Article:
As you probably haven’t heard, Islamic State in Libya released a video a few days ago showing the brutal execution of dozens of Ethiopian Christians. Some of the victims were decapitated, others were shot in the head. All were butchered by bloodthirsty Muslim thugs for the crime of believing in Christ.
It might be hard to believe this kind of persecution happens in the world, especially when the American version of “persecution” includes not having access to gender neutral bathrooms. Out there, people face the very real threat of death and dismemberment if they practice the wrong religion. Here, we whine if a toilet stall feels too exclusionary.
Talk about privilege.
Islamic State, of course, has wreaked havoc on Christians all over the region. Just a month or two before this latest video, footage surfaced depicting the mass beheading of 21 Egyptian Christians. These barbarians have spread like malignant tumors throughout the Middle East, killing thousands of Christians and almost singlehandedly eradicating the faith from places where it has existed for 2,000 years.
Although you wouldn’t know it if you relied solely on mainstream media for your information, Christians are in fact the world’s most persecuted people with 100 million facing the daily prospect of violence, intimidation, coercion, oppression, imprisonment and martyrdom. The situation is worse now than it’s ever been.
Did you catch that?
Worse than it’s ever been. We were crucified, burned, stoned, and fed to lions under Roman rule, and still it wasn’t as bad then as it is now.
Believers are being blown up, incinerated, shot, and beheaded in Iran, Pakistan, Afghanistan, Iraq, Syria, Saudi Arabia, Ethiopia, Somalia, Nigeria, Sudan, Egypt, Libya, and many other nations. And this isn’t relegated solely to Islamic State-controlled countries, or even to Muslim ones. Although nine of the top 10 worst persecutors of Christians are Islamic, the worst of all is godless, communist North Korea. The faith has also long been criminalized in godless, communist China.
Christ followers who might wish to flee to a safer part of the world have increasingly fewer options. If they do set out for a more tolerant land, they might be drowned and murdered by Muslim bigots before they reach their destination.
They certainly can’t look to the U.S. government for help. Our foreign policy has contributed enormously to the problem, despite what you may hear about our dedication to helping “oppressed people” around the world. Our government sent weapons and money to Muslim “rebels” in Egypt, Libya, and Syria, and in each case those dear friends and allies of the U.S. turned around and murdered Christians in droves. Instead of holding the killers accountable, our country invites them to meetings at the State Department.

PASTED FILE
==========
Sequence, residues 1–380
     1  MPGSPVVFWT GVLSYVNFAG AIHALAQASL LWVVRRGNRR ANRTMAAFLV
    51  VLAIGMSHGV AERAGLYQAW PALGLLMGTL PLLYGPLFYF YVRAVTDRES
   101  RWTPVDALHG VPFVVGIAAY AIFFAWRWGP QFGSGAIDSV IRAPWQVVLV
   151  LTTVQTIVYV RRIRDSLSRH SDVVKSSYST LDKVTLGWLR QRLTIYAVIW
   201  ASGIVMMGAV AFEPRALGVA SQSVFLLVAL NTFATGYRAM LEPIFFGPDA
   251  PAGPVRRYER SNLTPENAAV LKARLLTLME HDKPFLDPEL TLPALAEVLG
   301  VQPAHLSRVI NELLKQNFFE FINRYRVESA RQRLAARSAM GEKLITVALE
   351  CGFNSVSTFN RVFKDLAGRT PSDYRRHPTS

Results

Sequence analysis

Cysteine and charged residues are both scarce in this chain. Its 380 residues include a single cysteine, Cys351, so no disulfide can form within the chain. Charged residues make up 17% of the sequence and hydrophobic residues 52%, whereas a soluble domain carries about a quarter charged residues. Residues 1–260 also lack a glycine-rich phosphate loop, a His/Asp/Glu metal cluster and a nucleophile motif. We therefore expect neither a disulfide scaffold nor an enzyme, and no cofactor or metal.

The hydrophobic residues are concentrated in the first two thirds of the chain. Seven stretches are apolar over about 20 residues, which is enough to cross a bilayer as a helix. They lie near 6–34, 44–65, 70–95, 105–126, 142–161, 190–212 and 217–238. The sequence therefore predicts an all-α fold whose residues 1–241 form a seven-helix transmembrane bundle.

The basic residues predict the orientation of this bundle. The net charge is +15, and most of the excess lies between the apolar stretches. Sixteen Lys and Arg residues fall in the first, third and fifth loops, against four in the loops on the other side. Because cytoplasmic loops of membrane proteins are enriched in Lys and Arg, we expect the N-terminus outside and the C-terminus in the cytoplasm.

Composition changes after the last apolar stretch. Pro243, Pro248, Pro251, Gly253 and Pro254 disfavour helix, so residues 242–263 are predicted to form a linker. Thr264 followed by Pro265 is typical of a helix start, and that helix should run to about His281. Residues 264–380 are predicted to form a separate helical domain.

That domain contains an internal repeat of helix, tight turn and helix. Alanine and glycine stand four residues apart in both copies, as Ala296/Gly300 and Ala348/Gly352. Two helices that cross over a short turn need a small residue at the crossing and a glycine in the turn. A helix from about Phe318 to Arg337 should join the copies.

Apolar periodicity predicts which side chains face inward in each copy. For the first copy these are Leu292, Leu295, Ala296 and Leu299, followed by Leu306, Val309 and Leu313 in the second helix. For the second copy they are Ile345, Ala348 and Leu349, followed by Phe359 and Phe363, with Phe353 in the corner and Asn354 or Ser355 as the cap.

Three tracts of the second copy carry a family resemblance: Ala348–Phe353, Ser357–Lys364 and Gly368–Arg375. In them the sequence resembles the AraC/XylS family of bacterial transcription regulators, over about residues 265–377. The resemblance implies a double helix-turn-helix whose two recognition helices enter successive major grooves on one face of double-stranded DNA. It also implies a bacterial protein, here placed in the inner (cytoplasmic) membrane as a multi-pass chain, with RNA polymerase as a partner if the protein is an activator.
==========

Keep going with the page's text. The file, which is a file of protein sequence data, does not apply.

Before you think this is just President Barack Obama’s fault (although it is his fault, in large part), understand that Christians in Iraq have been on the verge of extinction ever since we invaded the country in 2003. Our actions in the Middle East have, for decades, meant carnage and martyrdom for the faithful in the region.
We are in a seemingly endless process of installing regimes, turning on them, killing the leader we previously supported, and then putting someone else in charge. Each time, the new guys are even less accepting of religious diversity than the old ones. Each time, wholesale slaughter occurs, and Christianity disappears faster and faster from the place where it was born.
This is the reality of the world.
It is a travesty. A crisis. A holocaust.
And nobody cares.
Well, I can’t say nobody. Some people do. Some of us are at least aware and concerned. Upset, even. Perturbed. But we all know, whether we admit it or not, that we don’t react to the mass murder of Ethiopian Christians like we would to the mass murder of Baptists in Alabama or Catholics in Maryland. If Muslim goons attacked a church in Ohio, burned it to the ground, and killed the people inside, like they’ve done in Kenya, it would be the only thing any of us talked about for days on end.
If Christians in this country experienced in a full year the sort of violence that Christians elsewhere in the world encounter in a day, I’m betting many of us would be screaming for a new Crusade. We wouldn’t just be “concerned,” we’d be furious. We’d be enraged about it. We’d be obsessed with it.
Let’s face it: that’s not how any of us are reacting to the very real and very current and very bloody persecution of our brothers and sisters a few thousand miles away.
Well, certainly the media isn’t giving it much coverage. We’ve been conditioned, you might say, to care about things only to the extent that the media tells us to. They don’t care about this — or else they’re afraid to report it for fear of upsetting Muslims — so we don’t pay attention.
There might be some truth to that theory, but it’s a cop out.
What’s the real reason?
I ask that not as a rhetorical question. I truly don’t know the answer. I don’t think it’s racism because I’m sure there would be outrage of epic proportions if over 100 black Christians in Georgia were gunned down for their faith like they were in Africa just a few weeks ago. I’m sure that if black American Christians were persecuted, we would care. If Chinese Americans or Korean Americans or Arab Americans or any other kind of American Christians were killed for their beliefs, there would be marches in the street and candle light vigils outside their homes.
But for the ones dying and suffering in silence far away from our borders? We have concern, yes. But do we have that deep, seething, righteous anger at the pit of our souls? Do we cry out for justice? Do we shed tears?
It doesn’t seem like it, and I don’t know why.
Are we so selfish and dumb that something needs to happen within driving distance for us to pay attention? Do we need celebrities to make a PSA about it before we can decide on our own to give the slightest crap? Is it the media? Do we actually need the media to frame this for us, make it “relatable” and “relevant”?